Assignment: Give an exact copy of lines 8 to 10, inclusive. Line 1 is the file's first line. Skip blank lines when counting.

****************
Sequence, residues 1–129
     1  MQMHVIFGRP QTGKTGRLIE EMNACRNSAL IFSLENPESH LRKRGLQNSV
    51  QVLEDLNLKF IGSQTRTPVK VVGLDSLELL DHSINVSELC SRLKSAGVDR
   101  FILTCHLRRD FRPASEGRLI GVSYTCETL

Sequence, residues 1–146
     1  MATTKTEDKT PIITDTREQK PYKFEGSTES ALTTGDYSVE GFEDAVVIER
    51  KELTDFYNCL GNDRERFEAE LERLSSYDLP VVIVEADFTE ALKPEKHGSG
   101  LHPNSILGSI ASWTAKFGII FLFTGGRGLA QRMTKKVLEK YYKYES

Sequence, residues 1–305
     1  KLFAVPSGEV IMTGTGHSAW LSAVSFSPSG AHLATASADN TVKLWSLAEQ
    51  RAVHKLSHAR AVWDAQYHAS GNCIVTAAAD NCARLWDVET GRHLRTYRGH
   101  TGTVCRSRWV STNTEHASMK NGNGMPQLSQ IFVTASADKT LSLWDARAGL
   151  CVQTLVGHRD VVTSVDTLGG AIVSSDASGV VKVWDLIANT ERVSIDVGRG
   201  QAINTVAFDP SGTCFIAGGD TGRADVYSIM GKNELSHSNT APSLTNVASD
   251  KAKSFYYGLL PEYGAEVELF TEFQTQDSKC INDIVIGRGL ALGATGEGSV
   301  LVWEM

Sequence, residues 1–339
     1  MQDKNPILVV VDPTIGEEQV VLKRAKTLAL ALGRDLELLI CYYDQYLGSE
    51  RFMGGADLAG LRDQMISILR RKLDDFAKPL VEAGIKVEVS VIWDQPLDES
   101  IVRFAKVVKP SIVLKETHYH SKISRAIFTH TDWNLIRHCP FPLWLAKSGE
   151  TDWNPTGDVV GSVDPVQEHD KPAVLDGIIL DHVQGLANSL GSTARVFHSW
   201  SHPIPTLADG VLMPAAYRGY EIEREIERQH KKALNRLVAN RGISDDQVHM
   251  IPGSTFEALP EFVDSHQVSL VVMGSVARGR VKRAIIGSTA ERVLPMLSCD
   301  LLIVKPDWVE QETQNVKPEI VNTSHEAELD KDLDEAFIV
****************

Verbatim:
   101  LHPNSILGSI ASWTAKFGII FLFTGGRGLA QRMTKKVLEK YYKYES

Sequence, residues 1–305
     1  KLFAVPSGEV IMTGTGHSAW LSAVSFSPSG AHLATASADN TVKLWSLAEQ